You get what you pay for

2009 was a tough year for contract glaziers. Of the companies that made this year’s Top 50 Glaziers and provided exact sales figures for 2008 and 2009, 55 percent reported a decrease in sales volume. Glaziers cited decreased backlogs and increased competition among the reasons for the slide. Some described a bidding environment in which general contractors were “shopping numbers,” looking for the best deal. One company reported its competitor was bidding projects at cost, just to land the job.

Whether the fault lies with the clients for rewarding low bidders or with the glazing companies for submitting these bids in the first place, this type of environment is detrimental and frustrating for everyone involved.

I’m a firm believer, however, in the motto: “You get what you pay for.” And I think in the long run, our industry will actually benefit from this situation. If you’ve ever been burned by a service provider that you chose based solely on price, you know what I’m talking about. Oftentimes, it only takes one bad experience with a contractor to make you re-evaluate your selection criteria.

Companies that take jobs at unrealistic prices have to cut corners somewhere. As one glassblog reader pointed out: “If a contractor is 40 percent less than the rest, there is a reason. Material does not have that much of a swing from one guy to another, so … where are the shortcuts going to be applied?” Unfortunately, for some clients, those shortcuts are applied to the building itself, costing them more to fix than it would have to hire a higher quality company initially. Fortunately, for us, these clients will be better educated when they spec their next project, recognizing the value higher-priced companies bring to the table in the form of quality products, trained personnel and customer service.

While I don’t wish this experience on anyone, clients that look only at the bid number and not at the glazier are setting themselves up for failure. My bet is they won’t make the same mistake twice. What’s yours?

Jenni Chase, Editor, Glass Magazine


Unfortunately, clients seem to have short memories. Or they don't know better. Or the players involved with an intially successful project get promoted.Whatever the reason, the sweet allure of low price seems to linger long.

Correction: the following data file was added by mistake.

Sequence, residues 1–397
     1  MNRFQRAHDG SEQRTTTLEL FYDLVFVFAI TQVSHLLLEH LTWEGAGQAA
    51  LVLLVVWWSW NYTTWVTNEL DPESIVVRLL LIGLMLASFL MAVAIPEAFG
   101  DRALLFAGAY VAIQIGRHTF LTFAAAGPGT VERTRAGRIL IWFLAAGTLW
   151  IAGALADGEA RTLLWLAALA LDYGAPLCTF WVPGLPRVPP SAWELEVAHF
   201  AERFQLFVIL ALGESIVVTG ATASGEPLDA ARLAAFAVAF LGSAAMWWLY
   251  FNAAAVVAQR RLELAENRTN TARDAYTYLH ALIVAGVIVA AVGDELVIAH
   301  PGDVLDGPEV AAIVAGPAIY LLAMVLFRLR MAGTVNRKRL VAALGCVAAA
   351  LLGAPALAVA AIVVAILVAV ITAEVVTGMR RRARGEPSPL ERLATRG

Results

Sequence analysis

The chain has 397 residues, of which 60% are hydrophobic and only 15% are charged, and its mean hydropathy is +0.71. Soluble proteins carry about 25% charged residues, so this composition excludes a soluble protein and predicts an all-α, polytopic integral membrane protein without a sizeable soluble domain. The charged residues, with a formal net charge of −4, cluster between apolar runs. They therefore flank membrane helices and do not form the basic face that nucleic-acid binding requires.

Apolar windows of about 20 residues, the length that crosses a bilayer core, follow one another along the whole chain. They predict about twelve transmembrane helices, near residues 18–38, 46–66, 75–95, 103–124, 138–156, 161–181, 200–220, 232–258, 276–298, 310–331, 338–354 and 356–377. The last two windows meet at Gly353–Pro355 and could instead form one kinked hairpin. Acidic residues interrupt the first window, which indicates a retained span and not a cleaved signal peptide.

Obviously the author of this article has never seen hard times. Business 101: During hard times you sell the job at whatever price is necessary to get the job. If you need to bid it at cost you bid it at cost. You manage to keep your experienced employees and show them the loyalty they deserve, you keep your reputation plus your name in the forefront and you keep your business solvent to reemerge as a profitable entity when the economy turns around. Those who think the only explanation for low bidding must be cutting corners simply need to turn to their grandparents for an explanation.
In this economy, I think it is safe to say we've all fallen on hard times. And I agree that there are ways to lower expenses without compromising your quality of service. But competing on price alone is, in my opinion, a dangerous game. One need only look at the auto glass side of the industry to see the negative consequences it can have.
Many Contracters in my area as well as others have lost their business.The few business still trying to pull out of the fall out are now having to compete with the displaced workers who are working under the table.In a small community people don't even seem to care if you have insurance let alone have a contractors License
When you start bidding jobs at cost, the corner cutting comes in the form of not paying your bills. It also erodes the market. It will for sure eliminate those that did not start lowering there overhead at least two years ago. Low bidding will eat your cash flow and savings. Low bid, it never made sense to me. Everyone wants to keep key employees. Hard Times! This is an economy that has not been experienced since 1929. The Wal-Mart mentality, (roll back the prices) is here to stay! Over 15 million jobs are gone in this country. You need to cover your overhead and make a profit. Its called get lean. This economy is not out of the woods yet. Our glass industry alone produces over 75% of glass overseas. That is just our industry. If you do not have deep pockets, focus on service, training and reasonable prices with profit. Those that do not will be gone before next year. Mark.